Hungry for a life of travel and adventure, Cody and Laura Smith, also known as A Tale of Two Smittys, set out to build a home fit for life on the road. But instead of going the conventional RV route, they converted a 2009 Bluebird Vision bus into a 200-square-foot tiny home on wheels. Since then they’ve traveled across the country, living out their dream. We caught up with the Smiths to hear their story and what it’s like living on the road.
Meet the Expert
Origin Story: A Life Inspired by Expedition Happiness
Married for six years, Cody and Laura love to travel. However, they found that with such limited vacation time from their previous jobs, they could only afford to travel for friends’ and family events — never just for themselves.
“We wanted to figure out a way to travel for our own enjoyment, while still making it to important events,” says Cody.
One film, at the time available on Netflix, convinced them that it was possible: Expedition Happiness. It follows a German couple as they convert a bus into a tiny house and travel throughout North America. After discovering the potential of converting a bus, they started researching what a conversion would look like. They considered other vehicles, but at every turn a bus seemed like the right choice.
Thus, their bus TOTS was born. They purchased it in 2019, and after about a year of self-converting the bus, they officially moved in at the end of December 2020. January 2021, they hit the road.
A Tiny House With Plenty of Room
With this being their first bus conversion, and their first dive into tiny living, the Smiths made sure to include plenty of space for what they felt they’d need on the road.
“We were concerned about it feeling too cramped, so we decided that doing a straight line layout (one straight walkway down the middle) would allow us to build large spaces on either side of the entire length of the bus,” explains Laura.
They customized their shelves to house all of their personal items and added a wood stove for warmth and aesthetics. As a dual purpose item, they added a convertible sofa bed to their build for lounging and guests. Underneath houses their electrical components. The pantry also serves two purposes of holding food, looking aesthetically appealing and visually dividing the living and kitchen area from the office, bathroom and bedroom areas.
However, their favorite part of their tiny home is their work space. They both work full time for a Texas-based outdoor living company. Cody makes pre-sales Zoom calls with prospective clients, and Laura does 3D graphic renderings to help clients envision their future outdoor space.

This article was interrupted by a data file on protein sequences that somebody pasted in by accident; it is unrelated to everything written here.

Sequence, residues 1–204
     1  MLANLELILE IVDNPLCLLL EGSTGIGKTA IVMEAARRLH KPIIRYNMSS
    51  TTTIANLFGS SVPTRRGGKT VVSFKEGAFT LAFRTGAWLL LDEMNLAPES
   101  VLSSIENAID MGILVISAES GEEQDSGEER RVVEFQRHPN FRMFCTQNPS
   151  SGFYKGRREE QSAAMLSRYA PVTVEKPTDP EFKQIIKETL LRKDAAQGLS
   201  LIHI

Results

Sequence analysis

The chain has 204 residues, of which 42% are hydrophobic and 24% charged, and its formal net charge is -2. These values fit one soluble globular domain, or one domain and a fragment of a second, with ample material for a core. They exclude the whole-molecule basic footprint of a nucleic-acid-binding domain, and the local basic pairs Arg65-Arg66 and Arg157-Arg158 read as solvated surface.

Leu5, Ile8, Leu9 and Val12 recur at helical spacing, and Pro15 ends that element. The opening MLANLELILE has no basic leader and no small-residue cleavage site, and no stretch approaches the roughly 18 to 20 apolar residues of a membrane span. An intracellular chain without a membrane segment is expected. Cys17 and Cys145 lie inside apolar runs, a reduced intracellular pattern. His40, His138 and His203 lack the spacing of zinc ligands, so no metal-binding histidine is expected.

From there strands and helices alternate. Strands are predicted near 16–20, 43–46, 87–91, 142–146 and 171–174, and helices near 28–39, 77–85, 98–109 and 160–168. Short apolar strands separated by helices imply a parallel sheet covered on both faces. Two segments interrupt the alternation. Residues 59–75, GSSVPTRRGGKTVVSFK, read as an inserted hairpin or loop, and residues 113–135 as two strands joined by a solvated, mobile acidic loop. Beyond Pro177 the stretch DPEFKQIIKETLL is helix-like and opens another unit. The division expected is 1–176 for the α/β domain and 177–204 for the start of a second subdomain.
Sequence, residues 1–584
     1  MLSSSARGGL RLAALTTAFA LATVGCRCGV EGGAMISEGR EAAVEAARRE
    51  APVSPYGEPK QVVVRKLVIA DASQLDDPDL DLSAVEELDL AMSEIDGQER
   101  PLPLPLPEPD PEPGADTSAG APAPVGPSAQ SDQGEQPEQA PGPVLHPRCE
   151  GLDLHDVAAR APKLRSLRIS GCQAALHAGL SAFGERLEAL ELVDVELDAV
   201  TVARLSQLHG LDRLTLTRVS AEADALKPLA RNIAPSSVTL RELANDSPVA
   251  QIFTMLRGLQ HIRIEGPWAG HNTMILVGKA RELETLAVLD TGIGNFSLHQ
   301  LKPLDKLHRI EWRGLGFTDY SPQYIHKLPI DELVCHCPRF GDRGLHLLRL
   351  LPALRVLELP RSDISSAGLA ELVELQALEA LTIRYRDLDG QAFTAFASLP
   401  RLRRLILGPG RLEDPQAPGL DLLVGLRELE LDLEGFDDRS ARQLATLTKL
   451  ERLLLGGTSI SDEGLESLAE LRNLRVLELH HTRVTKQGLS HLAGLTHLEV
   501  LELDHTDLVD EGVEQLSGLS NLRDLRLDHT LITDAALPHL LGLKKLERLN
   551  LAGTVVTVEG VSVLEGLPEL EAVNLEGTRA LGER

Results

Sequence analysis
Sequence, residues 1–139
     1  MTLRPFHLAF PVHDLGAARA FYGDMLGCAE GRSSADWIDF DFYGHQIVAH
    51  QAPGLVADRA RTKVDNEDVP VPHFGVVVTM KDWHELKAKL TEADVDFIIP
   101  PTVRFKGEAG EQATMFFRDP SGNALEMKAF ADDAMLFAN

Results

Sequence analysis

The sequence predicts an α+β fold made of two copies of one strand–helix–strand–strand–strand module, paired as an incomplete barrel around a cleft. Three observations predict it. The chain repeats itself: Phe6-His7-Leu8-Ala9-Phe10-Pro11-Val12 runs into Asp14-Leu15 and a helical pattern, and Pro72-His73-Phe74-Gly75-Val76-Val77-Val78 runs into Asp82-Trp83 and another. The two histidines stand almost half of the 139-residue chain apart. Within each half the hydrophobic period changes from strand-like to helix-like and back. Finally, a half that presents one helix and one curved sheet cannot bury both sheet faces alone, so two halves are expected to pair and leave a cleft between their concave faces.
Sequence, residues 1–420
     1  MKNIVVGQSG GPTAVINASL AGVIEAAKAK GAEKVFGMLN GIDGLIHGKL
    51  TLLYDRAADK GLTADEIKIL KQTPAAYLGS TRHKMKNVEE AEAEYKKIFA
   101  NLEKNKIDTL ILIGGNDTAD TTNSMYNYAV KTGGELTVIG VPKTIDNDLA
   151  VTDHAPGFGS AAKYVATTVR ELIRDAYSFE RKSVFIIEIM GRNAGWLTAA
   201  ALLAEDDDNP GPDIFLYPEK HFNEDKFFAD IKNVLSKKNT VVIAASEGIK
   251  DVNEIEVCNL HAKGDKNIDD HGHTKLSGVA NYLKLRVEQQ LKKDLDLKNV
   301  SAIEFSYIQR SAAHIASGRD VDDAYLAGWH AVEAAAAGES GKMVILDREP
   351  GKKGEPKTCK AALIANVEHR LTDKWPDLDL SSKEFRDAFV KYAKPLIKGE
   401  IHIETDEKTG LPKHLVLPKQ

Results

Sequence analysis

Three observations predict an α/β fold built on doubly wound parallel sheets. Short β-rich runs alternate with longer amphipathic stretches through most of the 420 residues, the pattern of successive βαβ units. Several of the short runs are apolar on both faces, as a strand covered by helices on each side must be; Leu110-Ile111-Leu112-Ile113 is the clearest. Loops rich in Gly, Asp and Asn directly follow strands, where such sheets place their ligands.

“Since we both work, having a large, six-foot desk has been a life saver,” Cody says. “We can sit comfortably side-by-side all day while enjoying the view of wherever we're parked out the huge windows in front of us.”
Deeper Relationships and Financial Freedom
Since moving into the bus, Cody and Laura have found that they have cultivated stronger friendships quicker than they ever had before.
“There is a common string that connects all nomads, and conversations are often more intentional, deep and authentic.” Laura notes. “We have had the opportunity to watch countless ‘Instagram friends’ become some of our closest ‘real-life’ friends, and we owe that all to this lifestyle.”
Bus life has also affected their finances.
“Once we moved onto the bus and no longer paid rent, renter's insurance, two car payments and the accompanying insurance, we are proud to say that after about a year, we are officially debt free! Something we thought would take years and years to achieve,” says Laura.
Advice for Aspiring Bus Life Nomads
Cody and Laura documented their build on YouTube and Instagram and have grown a following of current and aspiring nomads. Their advice to anyone interested in bus life is to have a clear vision of what they want bus life to provide that is lacking from their current lifestyle, then build the bus and travel plans to best meet those needs.
“Someone told us early on that moving into a bus doesn't automatically change who you are or what your hobbies are,” says Laura. “If all you do in your ‘normal’ lifestyle is work and watch TV, moving into a bus won't change that. You need to put a solid effort into making the changes you want to see in yourself.”
They also want people to understand that while bus life is rewarding, the lifestyle is a lot of work. For the Smiths, they both work full time, create content for social media, travel the country, plus enjoy time with friends and family, all while figuring out where they're going to sleep each night, fill up on fresh water and dump their garbage.
“This is a very hands-on lifestyle that requires both flexibility and organization often at the same time,” explains Laura. “The freedom and experiences that come with travel are an invaluable piece of this journey and we think if you're up to it, this is a life-changing way to live.”
What’s Next: More Travel For Now
The Smiths committed to one full year of bus life when they first moved into their tiny house. They hit their one-year anniversary in January 2022 and say they have no specific plans for stopping anytime soon.
“One day, we would love to plant some roots with land of our own and build a more traditional home to enjoy—mainly just one that doesn't move,” says Cody. “This experience is revealing to us what is important in our lives and will ultimately help us decide what that next home might look like and where it might be.”